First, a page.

Where a language has grammatical gender, gendered pronouns are sometimes used according to the
grammatical gender of their antecedent, as French il ('he') for le livre ('the book' - masculine),
whereas in Spanish, el libro is also masculine, but it would not be considered correct to refer to it by
using the masculine pronoun él. Instead, something such as "Where is the book?" "It is on the table",
would be rendered as "¿Dónde está el libro?" "Está sobre la mesa" where the pronoun is omitted.
However, when the pronoun is used as a direct object, gender-specific forms reappear in Spanish.
The sentence I can't find it. (always referring to the masculine noun libro (book) would be No lo
encuentro, whereas if I can't find it refers to a magazine (revista in Spanish, which is feminine) then
the sentence would be No la encuentro.
Icelandic uses a similar system to other Germanic
languages in distinguishing three 3rd-person genders in
the singular - hann (masculine gender), hún (feminine
gender), það (neuter gender). However it also uses this
three-way distinction in the plural: þeir (m. only), þær (f.
only), þau (n., which includes mixed gender). It is
therefore possible to be gender-specific in all
circumstances should one wish - although of course þau
can be used for gender-inclusiveness. Otherwise the form
used is determined grammatically (i.e., by the gender of
the noun replaced). In general statements the use of
menn could be preferable as it is less specific than þau.
In Norwegian a new word is proposed, hin ('sie' or
'hir') to fill the gap between the third person
pronouns hun ('her') and han ('him'). Hin is used,
but in limited groups; it is not yet embraced by
society as a whole. One can also use man or en or
den (en means 'one'). These three are considered
In some dialects of the Swedish language there is a word hän
(borrowed from Finnish) that means either han ('he') or hon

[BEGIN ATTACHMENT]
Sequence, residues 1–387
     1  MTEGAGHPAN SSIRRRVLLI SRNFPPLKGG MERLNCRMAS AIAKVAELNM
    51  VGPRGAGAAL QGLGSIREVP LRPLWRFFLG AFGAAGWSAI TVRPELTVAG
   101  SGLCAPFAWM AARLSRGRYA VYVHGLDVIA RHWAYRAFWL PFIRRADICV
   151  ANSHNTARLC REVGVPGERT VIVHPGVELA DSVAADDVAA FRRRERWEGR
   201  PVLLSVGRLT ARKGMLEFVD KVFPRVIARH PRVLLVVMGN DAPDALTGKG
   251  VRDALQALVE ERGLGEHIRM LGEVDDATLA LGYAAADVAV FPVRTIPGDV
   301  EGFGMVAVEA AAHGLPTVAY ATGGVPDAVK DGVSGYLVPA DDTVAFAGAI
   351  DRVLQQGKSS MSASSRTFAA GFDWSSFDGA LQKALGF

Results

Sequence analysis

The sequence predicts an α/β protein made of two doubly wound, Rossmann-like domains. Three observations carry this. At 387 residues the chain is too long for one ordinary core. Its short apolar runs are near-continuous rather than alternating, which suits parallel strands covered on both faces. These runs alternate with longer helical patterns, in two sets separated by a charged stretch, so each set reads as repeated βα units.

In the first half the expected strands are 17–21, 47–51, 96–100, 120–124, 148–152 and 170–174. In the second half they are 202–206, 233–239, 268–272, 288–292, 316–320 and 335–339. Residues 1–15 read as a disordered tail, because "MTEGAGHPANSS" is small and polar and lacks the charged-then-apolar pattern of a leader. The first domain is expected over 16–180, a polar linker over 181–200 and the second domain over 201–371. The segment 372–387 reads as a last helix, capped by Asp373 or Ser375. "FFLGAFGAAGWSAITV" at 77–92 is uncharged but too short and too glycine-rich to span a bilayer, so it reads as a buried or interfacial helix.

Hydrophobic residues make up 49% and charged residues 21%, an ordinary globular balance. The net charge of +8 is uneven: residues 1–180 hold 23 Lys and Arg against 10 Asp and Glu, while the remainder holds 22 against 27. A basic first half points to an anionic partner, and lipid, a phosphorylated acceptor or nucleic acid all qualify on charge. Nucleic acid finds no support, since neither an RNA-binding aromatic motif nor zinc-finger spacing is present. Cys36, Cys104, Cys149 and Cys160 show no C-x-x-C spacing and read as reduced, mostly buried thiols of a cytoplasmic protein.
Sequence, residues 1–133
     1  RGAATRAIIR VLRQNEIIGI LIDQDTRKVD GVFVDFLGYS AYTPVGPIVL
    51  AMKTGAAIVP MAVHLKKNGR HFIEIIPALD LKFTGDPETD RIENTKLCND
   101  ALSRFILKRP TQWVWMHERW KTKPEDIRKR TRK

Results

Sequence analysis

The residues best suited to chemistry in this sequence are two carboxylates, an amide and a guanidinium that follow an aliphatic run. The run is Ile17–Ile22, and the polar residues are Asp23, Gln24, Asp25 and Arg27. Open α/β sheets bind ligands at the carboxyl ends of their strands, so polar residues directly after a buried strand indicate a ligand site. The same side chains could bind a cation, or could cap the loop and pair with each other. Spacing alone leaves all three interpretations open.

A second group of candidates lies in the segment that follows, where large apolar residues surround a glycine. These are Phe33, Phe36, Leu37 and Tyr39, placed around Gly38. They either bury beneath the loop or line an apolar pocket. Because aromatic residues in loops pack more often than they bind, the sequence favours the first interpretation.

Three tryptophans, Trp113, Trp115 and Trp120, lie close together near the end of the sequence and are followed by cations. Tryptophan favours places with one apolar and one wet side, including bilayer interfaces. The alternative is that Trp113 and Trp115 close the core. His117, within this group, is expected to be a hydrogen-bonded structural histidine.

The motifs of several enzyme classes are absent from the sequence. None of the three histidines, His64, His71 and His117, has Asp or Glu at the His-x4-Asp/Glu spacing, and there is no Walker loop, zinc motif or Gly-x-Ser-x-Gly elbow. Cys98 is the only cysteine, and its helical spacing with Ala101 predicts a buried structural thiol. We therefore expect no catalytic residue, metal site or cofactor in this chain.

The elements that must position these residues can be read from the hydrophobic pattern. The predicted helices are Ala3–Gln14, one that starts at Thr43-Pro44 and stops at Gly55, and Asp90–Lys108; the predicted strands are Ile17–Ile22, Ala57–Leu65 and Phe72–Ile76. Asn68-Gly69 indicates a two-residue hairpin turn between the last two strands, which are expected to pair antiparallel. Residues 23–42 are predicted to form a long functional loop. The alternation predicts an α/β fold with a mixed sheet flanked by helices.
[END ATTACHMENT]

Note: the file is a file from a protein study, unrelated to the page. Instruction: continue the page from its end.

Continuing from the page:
('she').It has spread to hacker slang. Some more common
gender-inclusive pronouns however are hen ('he'/'she') and
henom ('him'/'her').[The Swedish Language Council
recommends den ('it') for third person singular of indefinite
gender. However, large parts of the Swedish LGBT community
consider this a derogatory term, since it implies that the
person referred to is linguistically equated with a lifeless
thing. Instead the terms hen and henom is preferred if one
wants to refer to someone without a definite placement inside
the binary system of masculine and feminine.
Written Japanese underwent a transition similar to Chinese when
an archaic demonstrative kare (彼) was resurrected to translate the
'he' of European languages, while a word kanojo (彼女) was
invented to translate 'she'. In the spoken language, the words carry
the connotation of boyfriend and girlfriend respectively, and instead
ano hito (あの人, literally 'that person') is used in those cases where
a pronoun is required. Unlike Western languages, pronouns in
Japanese are a type of nouns rather than a distinct class.
Nevertheless, pronouns in Japanese usually have traditionally
carried a strong gender connotation (though it has somewhat
weakened nowadays), even first-person ones. For instance, ore (俺
or オレ) or boku (僕 or ボク) is used as 'I'/'me' mainly by men
(women have begun using boku nowadays), while watashi (私 or わ
たし) or atashi (あたし or アタシ) is used by females.
Novial (Nov International Auxiliari Lingue) is an international
auxiliary language created by Otto Jespersen(1928), a linguist from
Denmark. Jespersen recognized a need for an international auxiliary
language and thought there were many problems with Esperanto. With
Novial he tried to cure those problems. Novial was designed to be easy
to learn with vocabulary taken mainly from Germanic and Romance
languages, and grammar based mainly on English.
In Novial the third person pronoun le means 'he' or
'she' or 'it'. There are also the gender-specific
pronouns lo, la and lu ('he', 'she', and
'it', respectively). Each has a corresponding plural
les, los, las and lus all translated as 'they' in English.
Gender Differences in Language Use
.Avoid eye contact Physical Orientation
.Talk for status Status&Connection
.From decision to discussion Directness&Indirectness
.Talkative in public, quiet in private Public&Private talk
.Fight for fun Ritual Opposition
.‟Trouble talk‟ avoided, would not put status in risk Conversational Style
Gender Differences in Language Use
Use eyes contact
Talk for solidarity STATUS&CONNECTION
From discussion to decision DIRECTNESS&INDIRECTNESS
Quiet in public, talkative in private PUBLIC&PRIVATE TALK
May fight, but not for fun RITUAL OPPOSITION
„Trouble talk‟ used to create rapport CONVERSATIONAL STYLE
Holmes (1998) suggested some testable claims of what she
named „sociolinguistic universal tendencies‟. The followings
are five of them:
Women and men develop different patterns of language use
Women tend to focus on the affective functions of an
interaction more than men do.
Women tend to use linguistic devices that stress solidarity
more than men do.
Women tend to interact in ways which will maintain and
increase solidarity; yet, men (especially in formal context)
tend to interact in ways which will maintain and increase their
power and status.
Women are stylistically more flexible than men.